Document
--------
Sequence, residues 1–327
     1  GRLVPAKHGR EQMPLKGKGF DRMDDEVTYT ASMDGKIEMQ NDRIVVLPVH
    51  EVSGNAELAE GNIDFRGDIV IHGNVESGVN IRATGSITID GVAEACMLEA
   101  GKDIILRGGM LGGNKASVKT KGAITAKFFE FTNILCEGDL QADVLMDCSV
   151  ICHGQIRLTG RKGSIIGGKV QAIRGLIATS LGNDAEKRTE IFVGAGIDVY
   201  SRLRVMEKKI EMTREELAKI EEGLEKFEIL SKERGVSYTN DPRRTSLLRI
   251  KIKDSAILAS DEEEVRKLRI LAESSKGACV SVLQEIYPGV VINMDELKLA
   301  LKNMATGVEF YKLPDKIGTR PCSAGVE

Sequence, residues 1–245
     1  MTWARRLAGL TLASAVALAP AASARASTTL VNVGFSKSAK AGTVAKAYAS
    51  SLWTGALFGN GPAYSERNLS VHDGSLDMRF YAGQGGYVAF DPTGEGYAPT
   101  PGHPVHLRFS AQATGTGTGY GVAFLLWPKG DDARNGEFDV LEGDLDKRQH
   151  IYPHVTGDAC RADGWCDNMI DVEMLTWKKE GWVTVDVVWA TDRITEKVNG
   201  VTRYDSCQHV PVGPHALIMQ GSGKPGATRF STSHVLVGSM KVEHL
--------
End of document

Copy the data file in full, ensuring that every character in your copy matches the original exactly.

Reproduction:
Sequence, residues 1–327
     1  GRLVPAKHGR EQMPLKGKGF DRMDDEVTYT ASMDGKIEMQ NDRIVVLPVH
    51  EVSGNAELAE GNIDFRGDIV IHGNVESGVN IRATGSITID GVAEACMLEA
   101  GKDIILRGGM LGGNKASVKT KGAITAKFFE FTNILCEGDL QADVLMDCSV
   151  ICHGQIRLTG RKGSIIGGKV QAIRGLIATS LGNDAEKRTE IFVGAGIDVY
   201  SRLRVMEKKI EMTREELAKI EEGLEKFEIL SKERGVSYTN DPRRTSLLRI
   251  KIKDSAILAS DEEEVRKLRI LAESSKGACV SVLQEIYPGV VINMDELKLA
   301  LKNMATGVEF YKLPDKIGTR PCSAGVE

Sequence, residues 1–245
     1  MTWARRLAGL TLASAVALAP AASARASTTL VNVGFSKSAK AGTVAKAYAS
    51  SLWTGALFGN GPAYSERNLS VHDGSLDMRF YAGQGGYVAF DPTGEGYAPT
   101  PGHPVHLRFS AQATGTGTGY GVAFLLWPKG DDARNGEFDV LEGDLDKRQH
   151  IYPHVTGDAC RADGWCDNMI DVEMLTWKKE GWVTVDVVWA TDRITEKVNG
   201  VTRYDSCQHV PVGPHALIMQ GSGKPGATRF STSHVLVGSM KVEHL